CIOs Skeptical About IT Telecommuting

In a recent survey, nearly half of CIOs say they feel telecommuting lowers their employees' quality of work.

The proliferation of wireless technology has made it easier for employees across countless specialties to work from home or other remote locations.

Workers who are able to take advantage of these opportunities fairly consistently report greater efficiency without in-office distractions, a better work-life balance and even more satisfaction from their jobs. Yet, telecommuting uptake rates have long been held back by employers concerns over lost productivity, security risks and a discomfort over not being able to keep immediate tabs on their workforce.

Yet among IT professionals, telecommuting is more commonplace than ever. Nearly half (44 percent) of CIOs reported that their companies IT workforce telecommutes at a rate that is the same or higher than it was five years ago, according to a study released by Robert Half Technology, an IT staffing firm in Menlo Park, Calif.

Only three percent of the 1,400 responding CIOs said that their IT staff work remotely less frequently today than five years ago.

Improved job satisfaction, increased morale and better productivity were cited as the greatest benefits among firms that allowed telecommuting. Over one-third (34 percent) of the CIOs whose companies allowed telecommuting cited improved retention and morale among IT staff due to a better work-life balance as the greatest benefit. Increased productivity due to a reduction in time spent commuting was cited by 28 percent of respondents.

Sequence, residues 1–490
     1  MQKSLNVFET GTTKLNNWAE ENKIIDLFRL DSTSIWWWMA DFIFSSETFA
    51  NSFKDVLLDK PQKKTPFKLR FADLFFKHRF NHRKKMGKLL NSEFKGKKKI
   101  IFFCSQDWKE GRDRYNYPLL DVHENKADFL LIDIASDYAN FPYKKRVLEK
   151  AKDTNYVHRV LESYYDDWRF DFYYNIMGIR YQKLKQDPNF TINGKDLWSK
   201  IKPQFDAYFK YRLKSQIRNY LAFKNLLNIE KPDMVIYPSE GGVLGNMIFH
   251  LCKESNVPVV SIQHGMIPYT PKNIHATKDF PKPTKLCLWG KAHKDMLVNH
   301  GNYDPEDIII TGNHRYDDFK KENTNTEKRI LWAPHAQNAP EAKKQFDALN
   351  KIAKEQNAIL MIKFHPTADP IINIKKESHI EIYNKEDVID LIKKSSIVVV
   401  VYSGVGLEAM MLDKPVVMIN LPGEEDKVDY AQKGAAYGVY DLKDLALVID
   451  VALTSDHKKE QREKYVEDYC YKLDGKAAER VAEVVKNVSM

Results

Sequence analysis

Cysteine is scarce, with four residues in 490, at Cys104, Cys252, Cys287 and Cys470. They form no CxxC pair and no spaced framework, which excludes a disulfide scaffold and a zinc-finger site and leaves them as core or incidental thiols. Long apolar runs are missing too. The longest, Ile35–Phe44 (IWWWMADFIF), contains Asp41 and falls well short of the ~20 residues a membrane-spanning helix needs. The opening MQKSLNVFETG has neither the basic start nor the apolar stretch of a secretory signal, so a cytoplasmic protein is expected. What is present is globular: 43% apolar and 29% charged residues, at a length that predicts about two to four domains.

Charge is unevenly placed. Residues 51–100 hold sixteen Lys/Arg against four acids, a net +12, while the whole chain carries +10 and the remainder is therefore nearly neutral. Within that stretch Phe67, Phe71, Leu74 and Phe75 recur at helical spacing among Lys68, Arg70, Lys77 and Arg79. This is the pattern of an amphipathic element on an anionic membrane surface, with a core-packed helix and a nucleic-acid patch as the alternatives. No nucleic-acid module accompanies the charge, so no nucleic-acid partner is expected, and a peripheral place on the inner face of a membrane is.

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"Technology employees are probably leaders in the telecommuting areas. If you look at whats required and the connectivity tools, or which individuals work on projects that dont require a lot of day-to-day collaboration, IT staff are more often than not early adopters of telecommuting," said Lee.

Companies that are recruiting for talent on a tight playing field are increasingly adopting telecommuting practices to attract a wider array of recruits.

"Its a recruitment tool, its a retention tool; theres no doubt about it. The vast majority of people like having it as an option. Its part of overall business strategies to, because it proves to shareholders and investors that they can continue with their business should a disaster occur," said Lee.

Among IT and other professionals, the ability to telecommute occasionally or even frequently is considered a huge job perk, and something that can make one place of employment seem to be a better choice than another.

"Job seekers eyes light up if you mention telecommuting. If there is potential to do so once a week, even better. Its of interest to a range of people, from those in major metropolitan areas with long commutes to those with child- or eldercare issues. Its a very big quality of life perk," said Lee.

However, telecommuting programs were not without their flaws. Nearly half (44 percent) of responding CIOs felt that the quality of work suffers due to diminished in-person contact with colleagues. Nearly one-third (30 percent) said that telecommuting employees were not as productive because they had less supervision.

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"We dont hear a lot of complaints, but if we do, its one of those three. People arent so concerned about it that its preventing them from telecommuting. Theres so much collaborative software out there, they can be working on something at the same time as someone else," said Lee.

"On the flipside, however, there are those who dont want it because they say they miss interaction with their coworkers."

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